Hip Hop; Art or Slang?

Two recent news stories have me slightly confused, as I tend to find myself in agreement and appalled by aspects of both.

First, there is some controversy surrounding recent comments made by Bill Cosby. It appears he shocked some of the members of the NAACP in a speech in which he stated that blacks needed to take responsibility for their economic problems, quit blaming the police, and teach better English in the home;

...Ladies and gentlemen, the lower economic people are not holding up their end in this deal. These people are not parenting. They are buying things for kids - $500 sneakers for what? And won't spend $200 for 'Hooked on Phonics...'

...They're standing on the corner and they can't speak English. I can't even talk the way these people talk: 'Why you ain't,' 'Where you is' ... And I blamed the kid until I heard the mother talk. And then I heard the father talk. ... Everybody knows it's important to speak English except these knuckleheads. ... You can't be a doctor with that kind of crap coming out of your mouth!"
I heard Cosby on NPR after this speech, and he did acknowledge the systemic problems faced by African-Americans in this country, but still insisted that the primary problem continues to be poor parenting. I tend to agree, but am uncomfortable with the elitist feel to his words. Also, my life experience is that anyone can rise above poor parenting if they choose to do so. It's not all the parent's fault, just as it's not all the system's fault.

Juxtaposed against this news item is one from the Episcopal News Service; Roskam Raps at Hip Hop Mass. It appears that Bishop Suffragan Cathy Roskam of New York was the celebrant at the Bronx's third Hip Hop Mass, held Friday, July 2 at Trinity Church of Morrisania. The article describes this as an innovative way to explore alternative forms of worship. A number of the members wrote parts of the liturgy, which are portrayed as art forms. Maybe they are. And, it is certainly time that we begin to look for new ways to meet people where they are in their spiritual lives through alternative worship styles. But, consider some of the innovations;

Psalm 23;
The Lord is all that, I need
For nothing
He allows me to chill.
He keeps me from being heated
And allows me to breathe easy.
He guides my life so that
I can represent and give
Shouts out in his Name.
And even though I walk through
The Hood of death,
I don't back down
For you have my back.
The fact that you have me covered
Allows me to chill.
He provides me with back-up
In front of my player-haters
And I know that I am a baler
And life will be phat
I fall back in the Lord's crib
For the rest of my life
Confession and Absolution;
Merciful God
We confess we have sinned against You and our Neighbor.
We have not done right by You.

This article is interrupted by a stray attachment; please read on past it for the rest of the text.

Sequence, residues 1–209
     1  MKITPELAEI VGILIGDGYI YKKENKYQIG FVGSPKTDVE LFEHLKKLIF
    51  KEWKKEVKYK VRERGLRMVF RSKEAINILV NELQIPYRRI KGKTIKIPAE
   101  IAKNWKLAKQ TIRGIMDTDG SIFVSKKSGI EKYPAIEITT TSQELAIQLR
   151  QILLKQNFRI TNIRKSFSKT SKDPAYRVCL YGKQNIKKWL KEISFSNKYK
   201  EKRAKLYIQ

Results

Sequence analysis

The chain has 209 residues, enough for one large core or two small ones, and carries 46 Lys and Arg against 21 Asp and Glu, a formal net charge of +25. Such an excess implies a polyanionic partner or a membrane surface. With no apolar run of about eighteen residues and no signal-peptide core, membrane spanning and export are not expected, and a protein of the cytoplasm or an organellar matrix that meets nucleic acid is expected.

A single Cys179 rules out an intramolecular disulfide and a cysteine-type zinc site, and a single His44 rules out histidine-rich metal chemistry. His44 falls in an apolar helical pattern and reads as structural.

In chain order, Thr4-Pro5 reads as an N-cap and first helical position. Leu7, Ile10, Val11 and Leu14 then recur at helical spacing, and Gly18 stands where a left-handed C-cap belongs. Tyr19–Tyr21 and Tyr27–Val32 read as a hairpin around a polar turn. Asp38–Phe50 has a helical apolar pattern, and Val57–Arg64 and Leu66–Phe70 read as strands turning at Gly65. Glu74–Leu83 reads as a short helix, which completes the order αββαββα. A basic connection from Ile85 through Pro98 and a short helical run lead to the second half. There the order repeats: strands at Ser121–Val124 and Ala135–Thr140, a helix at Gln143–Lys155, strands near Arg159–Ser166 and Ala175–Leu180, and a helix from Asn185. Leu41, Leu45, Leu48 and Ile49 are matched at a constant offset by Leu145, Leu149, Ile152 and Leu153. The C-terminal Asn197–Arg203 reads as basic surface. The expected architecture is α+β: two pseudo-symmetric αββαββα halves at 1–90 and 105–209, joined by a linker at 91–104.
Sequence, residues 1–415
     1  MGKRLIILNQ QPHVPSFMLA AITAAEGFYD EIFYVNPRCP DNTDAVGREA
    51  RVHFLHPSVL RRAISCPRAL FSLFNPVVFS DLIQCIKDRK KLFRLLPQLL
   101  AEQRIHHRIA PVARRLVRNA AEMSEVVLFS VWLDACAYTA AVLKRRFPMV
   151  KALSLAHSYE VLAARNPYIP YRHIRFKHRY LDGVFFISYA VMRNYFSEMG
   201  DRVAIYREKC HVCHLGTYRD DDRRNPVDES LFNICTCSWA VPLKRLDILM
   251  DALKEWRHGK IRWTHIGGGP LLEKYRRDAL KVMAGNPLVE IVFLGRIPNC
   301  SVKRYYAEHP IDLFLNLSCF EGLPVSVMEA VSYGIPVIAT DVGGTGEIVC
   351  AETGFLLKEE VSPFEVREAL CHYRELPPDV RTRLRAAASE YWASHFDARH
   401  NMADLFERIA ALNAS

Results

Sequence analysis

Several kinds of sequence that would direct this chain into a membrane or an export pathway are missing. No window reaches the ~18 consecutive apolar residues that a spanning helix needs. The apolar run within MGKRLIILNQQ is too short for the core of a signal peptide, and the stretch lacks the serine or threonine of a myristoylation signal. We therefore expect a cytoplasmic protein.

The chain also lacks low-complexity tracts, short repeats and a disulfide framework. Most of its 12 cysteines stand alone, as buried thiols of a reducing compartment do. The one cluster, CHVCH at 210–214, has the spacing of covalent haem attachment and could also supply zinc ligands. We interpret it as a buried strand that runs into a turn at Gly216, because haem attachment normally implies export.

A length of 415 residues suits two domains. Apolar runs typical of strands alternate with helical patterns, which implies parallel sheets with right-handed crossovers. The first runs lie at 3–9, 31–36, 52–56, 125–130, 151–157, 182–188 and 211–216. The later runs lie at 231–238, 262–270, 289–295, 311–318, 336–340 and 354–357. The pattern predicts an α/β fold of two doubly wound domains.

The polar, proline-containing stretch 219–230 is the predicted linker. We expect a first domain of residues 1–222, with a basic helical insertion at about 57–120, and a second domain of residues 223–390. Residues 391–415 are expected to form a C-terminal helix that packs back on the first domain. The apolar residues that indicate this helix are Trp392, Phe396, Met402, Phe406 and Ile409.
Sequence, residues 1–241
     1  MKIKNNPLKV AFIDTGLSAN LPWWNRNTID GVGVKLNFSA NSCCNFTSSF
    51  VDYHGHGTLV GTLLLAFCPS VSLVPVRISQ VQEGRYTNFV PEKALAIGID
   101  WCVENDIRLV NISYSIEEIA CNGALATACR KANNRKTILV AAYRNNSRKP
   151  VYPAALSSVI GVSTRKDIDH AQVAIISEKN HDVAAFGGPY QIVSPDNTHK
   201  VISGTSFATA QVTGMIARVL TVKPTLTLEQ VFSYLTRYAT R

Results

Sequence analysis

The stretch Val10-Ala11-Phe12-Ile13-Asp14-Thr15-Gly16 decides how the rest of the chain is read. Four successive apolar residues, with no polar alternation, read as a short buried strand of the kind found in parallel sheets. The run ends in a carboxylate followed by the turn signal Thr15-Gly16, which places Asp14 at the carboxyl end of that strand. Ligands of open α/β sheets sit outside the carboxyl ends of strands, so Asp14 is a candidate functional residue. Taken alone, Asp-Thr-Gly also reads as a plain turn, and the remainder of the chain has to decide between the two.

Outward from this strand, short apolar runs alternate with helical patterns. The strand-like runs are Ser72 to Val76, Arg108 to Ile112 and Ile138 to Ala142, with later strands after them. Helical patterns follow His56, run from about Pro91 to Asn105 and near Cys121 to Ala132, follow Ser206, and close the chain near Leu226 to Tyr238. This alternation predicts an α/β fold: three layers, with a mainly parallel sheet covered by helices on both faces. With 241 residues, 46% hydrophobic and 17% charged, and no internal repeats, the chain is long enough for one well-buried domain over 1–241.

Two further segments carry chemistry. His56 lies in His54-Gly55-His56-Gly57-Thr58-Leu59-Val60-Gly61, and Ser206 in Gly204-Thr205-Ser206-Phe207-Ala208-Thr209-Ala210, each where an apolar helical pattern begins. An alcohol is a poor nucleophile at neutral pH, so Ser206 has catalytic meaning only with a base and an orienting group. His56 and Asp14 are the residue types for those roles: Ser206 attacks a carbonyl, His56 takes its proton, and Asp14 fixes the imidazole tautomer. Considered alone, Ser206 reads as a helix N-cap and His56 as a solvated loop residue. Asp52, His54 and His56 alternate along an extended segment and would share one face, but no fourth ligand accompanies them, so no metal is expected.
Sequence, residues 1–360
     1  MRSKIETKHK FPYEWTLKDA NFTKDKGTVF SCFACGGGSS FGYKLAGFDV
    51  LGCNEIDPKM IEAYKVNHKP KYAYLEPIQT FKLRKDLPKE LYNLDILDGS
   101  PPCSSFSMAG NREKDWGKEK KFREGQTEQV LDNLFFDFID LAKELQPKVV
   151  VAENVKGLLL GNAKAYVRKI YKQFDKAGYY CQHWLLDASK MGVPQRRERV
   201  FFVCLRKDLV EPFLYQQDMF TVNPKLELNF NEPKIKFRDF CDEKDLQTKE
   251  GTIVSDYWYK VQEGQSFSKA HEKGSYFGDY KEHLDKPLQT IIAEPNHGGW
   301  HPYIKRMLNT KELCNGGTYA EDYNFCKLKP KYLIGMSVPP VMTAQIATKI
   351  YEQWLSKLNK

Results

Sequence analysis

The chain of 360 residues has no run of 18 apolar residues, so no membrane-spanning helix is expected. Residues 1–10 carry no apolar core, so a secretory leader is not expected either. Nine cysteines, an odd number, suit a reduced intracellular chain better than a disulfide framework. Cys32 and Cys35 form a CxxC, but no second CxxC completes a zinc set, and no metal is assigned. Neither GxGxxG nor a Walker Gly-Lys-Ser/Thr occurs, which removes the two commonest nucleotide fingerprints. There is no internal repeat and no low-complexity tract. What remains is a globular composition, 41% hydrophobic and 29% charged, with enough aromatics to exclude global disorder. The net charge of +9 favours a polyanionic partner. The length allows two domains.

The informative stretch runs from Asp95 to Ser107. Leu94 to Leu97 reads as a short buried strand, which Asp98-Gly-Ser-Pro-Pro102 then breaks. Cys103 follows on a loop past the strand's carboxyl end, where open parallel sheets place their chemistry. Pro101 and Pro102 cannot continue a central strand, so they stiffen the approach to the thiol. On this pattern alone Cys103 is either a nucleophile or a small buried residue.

We have not done right
by other people.
We are sorry.
We want to change.
Remember Jesus, Your Son.
Have mercy and forgive us.
From now on may we try to do what you want,
To the glory of Your Name. Amen.

It's Cool.
God has forgiven you.
It's a done deal!
And finally, the dismissal offered by the Bishop;
My sistas and brothas, all my homies and peeps, stay up -- keep your head up, holla back, and go forth and tell like it is.
Since I have never lived in the Bronx, I suppose I need to reserve judgment. But I'm more than a bit uncomfortable with some of this. It sounds so much like the ugly stuff in the music I hear the young people listening to today; full of violence, sexism, and a lust for bling-bling.

Is this a generational/cultural dissonance I'm facing? Maybe it is really a grieving over a perceived loss of something I consider beautiful: the English language.


Wednesday, July 07, 2004

That's the Ticket

I'm pretty excited about the choice of Edwards. This looks like a winning ticket.

I will admit that I wasn't as enthusiastic about Kerry as I was about getting Bush out of the White House. But the choice of Edwards as a running mate has caused me to decide to openly support Kerry. I've even added a contribution link to the sidebar.

A word about clergy supporting political candidates; usually, it is a bad idea. Every Episcopal congregation is made up of a mixture of Republicans and Democrats. For the clergy to support one party over the other would alienate a segment of the congregation. Never a good thing.

The truth is that a valid argument can be made for either party affiliation. My father has always been a Republican, based on the old model that "less government is the best government." He recently told me he plans to vote for Kerry, however, because he is sick of Bush. That is but one example of why I think this particular election is about more than party affiliation; it is about issues of honesty, justice, and how the USA will function as a world leader in the future.

Another reason I've chosen to go public with my personal choice is that "Jake" is not a leader of a congregation. Some of you know my real identity. It's not too hard to figure out. I've remained hidden because of a request by a member of my family. Personally, I'm not very comfortable with using a "pen name," but over the months, it's become kind of fun to let "Jake" develop his own character. The point is that "Jake" is not in a "position of authority." He is just another blogger, with an opinion not any more valid than any other blogger. So why not go public with his opinion of the candidates?

The other reason I've decided to support Kerry and work for his campaign locally is that I live about 100 miles from my parish. This gives me the freedom to get involved in the campaign locally, without alienating members of the congregation.